Los Angeles and its Department of Water and Power occasionally suspended salaried employees without pay, and now it may have to pony up overtime for groups of employees.
The reason: Some of those suspensions were for more or less than a week, which isn't kosher under federal law. (Block v. City of Los Angeles, No. 99-56061, 9th Cir., 2001)
Strange but true: Under the federal Fair Labor Standards Act (), you can suspend an for less than a week only for major safety violations. Unpaid, partial- week suspensions for any other reason are not allowed under the FLSA without employees losing their exempt-from-overtime status.
Advice: Stay on the good side of the FLSA when disciplining exempt workers, stick to only full-week suspensions.
This court noted that suspensions of more than a week and less than two weeks also would violate the FLSA because the partial second week fails to meet the full-week threshold. For example, if you suspend a worker from Monday of one week through Wednesday of the following week, you can lose the exemption.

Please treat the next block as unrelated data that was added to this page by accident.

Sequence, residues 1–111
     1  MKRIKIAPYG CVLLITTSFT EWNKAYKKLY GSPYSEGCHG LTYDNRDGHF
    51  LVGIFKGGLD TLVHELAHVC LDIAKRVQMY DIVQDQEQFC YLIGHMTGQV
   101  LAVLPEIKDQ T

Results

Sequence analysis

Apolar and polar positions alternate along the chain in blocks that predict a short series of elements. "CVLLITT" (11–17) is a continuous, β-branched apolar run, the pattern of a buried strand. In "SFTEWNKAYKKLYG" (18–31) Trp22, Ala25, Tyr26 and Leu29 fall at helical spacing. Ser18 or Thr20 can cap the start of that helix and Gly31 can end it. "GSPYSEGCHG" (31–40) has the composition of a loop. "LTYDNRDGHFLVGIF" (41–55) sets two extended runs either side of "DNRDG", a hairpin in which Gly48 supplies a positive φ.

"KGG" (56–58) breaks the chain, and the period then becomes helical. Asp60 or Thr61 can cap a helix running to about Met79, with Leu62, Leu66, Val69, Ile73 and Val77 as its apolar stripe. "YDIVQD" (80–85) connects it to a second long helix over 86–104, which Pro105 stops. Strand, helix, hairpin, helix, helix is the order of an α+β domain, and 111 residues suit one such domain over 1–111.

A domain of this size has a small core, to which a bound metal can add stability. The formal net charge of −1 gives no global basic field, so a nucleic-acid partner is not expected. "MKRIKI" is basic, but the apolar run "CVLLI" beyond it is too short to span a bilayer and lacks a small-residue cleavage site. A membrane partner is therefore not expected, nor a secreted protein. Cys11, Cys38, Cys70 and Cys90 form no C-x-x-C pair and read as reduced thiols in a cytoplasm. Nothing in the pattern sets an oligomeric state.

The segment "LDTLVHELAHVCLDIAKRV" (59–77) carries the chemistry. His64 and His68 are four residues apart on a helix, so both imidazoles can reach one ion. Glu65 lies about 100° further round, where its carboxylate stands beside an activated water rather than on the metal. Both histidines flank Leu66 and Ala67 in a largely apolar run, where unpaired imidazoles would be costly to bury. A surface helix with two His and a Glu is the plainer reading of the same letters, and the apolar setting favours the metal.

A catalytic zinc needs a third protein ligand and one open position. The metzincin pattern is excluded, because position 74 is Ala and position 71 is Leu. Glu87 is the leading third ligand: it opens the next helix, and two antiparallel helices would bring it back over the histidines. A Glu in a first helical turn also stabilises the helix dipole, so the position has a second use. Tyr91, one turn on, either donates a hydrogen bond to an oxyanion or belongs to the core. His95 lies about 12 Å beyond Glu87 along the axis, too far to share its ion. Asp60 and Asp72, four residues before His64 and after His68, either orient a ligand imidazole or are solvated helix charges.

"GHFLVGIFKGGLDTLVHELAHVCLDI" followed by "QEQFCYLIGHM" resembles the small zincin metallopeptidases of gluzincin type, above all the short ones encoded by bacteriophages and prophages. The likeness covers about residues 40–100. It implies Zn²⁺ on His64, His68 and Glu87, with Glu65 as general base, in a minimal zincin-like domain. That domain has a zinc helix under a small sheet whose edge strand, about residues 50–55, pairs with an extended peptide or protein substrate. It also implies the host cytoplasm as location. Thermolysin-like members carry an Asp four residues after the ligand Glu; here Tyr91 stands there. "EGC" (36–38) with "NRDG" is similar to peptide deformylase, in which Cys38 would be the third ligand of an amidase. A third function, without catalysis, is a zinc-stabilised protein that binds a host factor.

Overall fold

Finally, even if you have a written policy against partial-week suspensions, if you violate your policy enough times you'll still lose the worker's exempt status. How many is too many? There's no clear answer. When you have an "actual practice" of illegal deductions from exempt workers' pay, you also can lose the opportunity to fix the problem through the "window of correction" the Labor Department sometimes allows.